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A case for taking the dual role of counsellor-researcher in qualitative researchThere is ongoing debate about whether the challenges of practice-based research in counselling, with clients’ discourses providing the raw data, can be overcome. This article begins by considering the argument of whether taking a dual role of counsellor-researcher within case study research is a legitimate qualitative approach. A case example using sand-tray in short-term therapy with adults from a pluralistic perspective is provided to demonstrate how the challenges of the dual role can be managed to produce effective research findings. It is suggested that this approach closes the gap between research and practice to produce findings that are highly relevant to the counselling context. The ethical considerations of taking a dual role of counsellor-researcher are considered, and opportunities and challenges when adopting this approach are identified.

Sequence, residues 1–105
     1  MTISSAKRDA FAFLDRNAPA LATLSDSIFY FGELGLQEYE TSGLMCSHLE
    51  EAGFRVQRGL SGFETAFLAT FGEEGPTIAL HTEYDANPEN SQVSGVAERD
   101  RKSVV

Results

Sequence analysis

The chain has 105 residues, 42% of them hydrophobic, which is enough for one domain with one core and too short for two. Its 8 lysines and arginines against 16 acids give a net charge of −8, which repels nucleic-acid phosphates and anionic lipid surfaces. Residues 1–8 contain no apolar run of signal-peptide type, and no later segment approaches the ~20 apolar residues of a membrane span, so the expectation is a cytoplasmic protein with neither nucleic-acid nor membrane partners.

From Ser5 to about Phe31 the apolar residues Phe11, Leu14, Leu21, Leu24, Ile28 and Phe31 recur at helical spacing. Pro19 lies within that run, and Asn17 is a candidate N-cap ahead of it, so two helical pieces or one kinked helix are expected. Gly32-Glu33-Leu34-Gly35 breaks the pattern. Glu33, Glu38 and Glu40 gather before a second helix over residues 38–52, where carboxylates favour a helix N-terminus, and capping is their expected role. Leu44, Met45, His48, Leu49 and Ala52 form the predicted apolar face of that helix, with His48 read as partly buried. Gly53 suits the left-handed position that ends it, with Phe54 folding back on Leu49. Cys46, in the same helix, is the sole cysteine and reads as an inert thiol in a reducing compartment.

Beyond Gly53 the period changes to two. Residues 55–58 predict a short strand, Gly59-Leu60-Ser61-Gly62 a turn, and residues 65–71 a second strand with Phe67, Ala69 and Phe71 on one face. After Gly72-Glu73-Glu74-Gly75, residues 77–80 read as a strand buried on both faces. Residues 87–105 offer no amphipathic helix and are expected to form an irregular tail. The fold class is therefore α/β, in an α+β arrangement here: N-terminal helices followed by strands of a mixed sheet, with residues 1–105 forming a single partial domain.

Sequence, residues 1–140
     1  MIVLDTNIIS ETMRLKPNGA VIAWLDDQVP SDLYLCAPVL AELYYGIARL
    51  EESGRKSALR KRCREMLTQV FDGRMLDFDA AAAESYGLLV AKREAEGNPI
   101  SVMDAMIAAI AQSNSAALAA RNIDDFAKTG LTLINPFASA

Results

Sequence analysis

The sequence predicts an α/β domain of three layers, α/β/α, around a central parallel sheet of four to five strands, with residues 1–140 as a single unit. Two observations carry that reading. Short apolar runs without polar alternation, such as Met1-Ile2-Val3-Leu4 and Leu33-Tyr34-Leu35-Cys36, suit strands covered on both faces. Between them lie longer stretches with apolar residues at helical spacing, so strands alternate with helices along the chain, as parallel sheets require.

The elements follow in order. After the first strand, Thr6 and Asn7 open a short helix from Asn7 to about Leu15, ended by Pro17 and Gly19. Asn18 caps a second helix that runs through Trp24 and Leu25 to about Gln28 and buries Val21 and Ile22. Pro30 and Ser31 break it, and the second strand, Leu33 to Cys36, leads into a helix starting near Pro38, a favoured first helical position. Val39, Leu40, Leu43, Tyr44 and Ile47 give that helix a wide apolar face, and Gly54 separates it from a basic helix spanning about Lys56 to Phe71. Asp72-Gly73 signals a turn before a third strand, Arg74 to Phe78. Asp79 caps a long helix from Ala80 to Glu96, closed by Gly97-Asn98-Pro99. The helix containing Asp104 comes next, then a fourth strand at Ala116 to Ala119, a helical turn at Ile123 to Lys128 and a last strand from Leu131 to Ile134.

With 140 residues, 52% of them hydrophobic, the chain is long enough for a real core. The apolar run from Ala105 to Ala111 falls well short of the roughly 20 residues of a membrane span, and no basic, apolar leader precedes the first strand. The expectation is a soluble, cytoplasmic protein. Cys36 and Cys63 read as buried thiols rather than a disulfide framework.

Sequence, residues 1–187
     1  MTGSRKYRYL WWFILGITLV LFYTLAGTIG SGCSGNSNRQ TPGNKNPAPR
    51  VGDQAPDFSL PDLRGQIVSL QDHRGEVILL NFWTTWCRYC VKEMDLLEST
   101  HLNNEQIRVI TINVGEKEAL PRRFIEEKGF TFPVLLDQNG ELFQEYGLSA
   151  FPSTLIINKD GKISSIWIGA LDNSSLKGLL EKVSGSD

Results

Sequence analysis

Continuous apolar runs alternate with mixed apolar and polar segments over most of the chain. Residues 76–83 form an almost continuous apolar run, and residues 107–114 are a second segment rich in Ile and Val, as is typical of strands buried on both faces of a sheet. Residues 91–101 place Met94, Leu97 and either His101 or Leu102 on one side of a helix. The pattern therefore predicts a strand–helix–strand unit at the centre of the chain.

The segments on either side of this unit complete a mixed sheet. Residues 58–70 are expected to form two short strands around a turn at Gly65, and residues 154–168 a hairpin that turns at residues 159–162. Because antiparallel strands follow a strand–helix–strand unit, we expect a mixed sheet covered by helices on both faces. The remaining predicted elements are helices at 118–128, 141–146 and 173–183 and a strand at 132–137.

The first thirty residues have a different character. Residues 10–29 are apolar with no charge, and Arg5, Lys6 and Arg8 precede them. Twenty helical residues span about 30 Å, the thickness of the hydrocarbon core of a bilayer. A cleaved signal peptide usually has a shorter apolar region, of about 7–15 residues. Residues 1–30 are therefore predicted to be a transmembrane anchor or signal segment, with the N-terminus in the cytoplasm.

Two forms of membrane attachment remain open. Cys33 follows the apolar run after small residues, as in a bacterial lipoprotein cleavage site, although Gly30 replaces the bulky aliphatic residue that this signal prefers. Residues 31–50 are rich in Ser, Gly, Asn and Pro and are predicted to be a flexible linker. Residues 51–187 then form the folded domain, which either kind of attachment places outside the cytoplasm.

The risk of secondary traumatic stress in the qualitative transcription process: A research note.It is recognised that transcribing is not merely a neutral and mechanical process, but is active and requires careful engagement with the qualitative data. Whether the researcher transcribes their own data or employs professional transcriptionists the process requires repeated listening to participants’ personal narratives. This repetition has a cumulative effect on the transcriptionist and hearing the participants’ personal narratives of a sensitive or distressing nature, can have an emotional impact. However, this potential emotional impact is often not something which is accounted for in the planning stages of research. In this article we critically discuss the importance of considering the effects on transcriptionists who engage with qualitative data.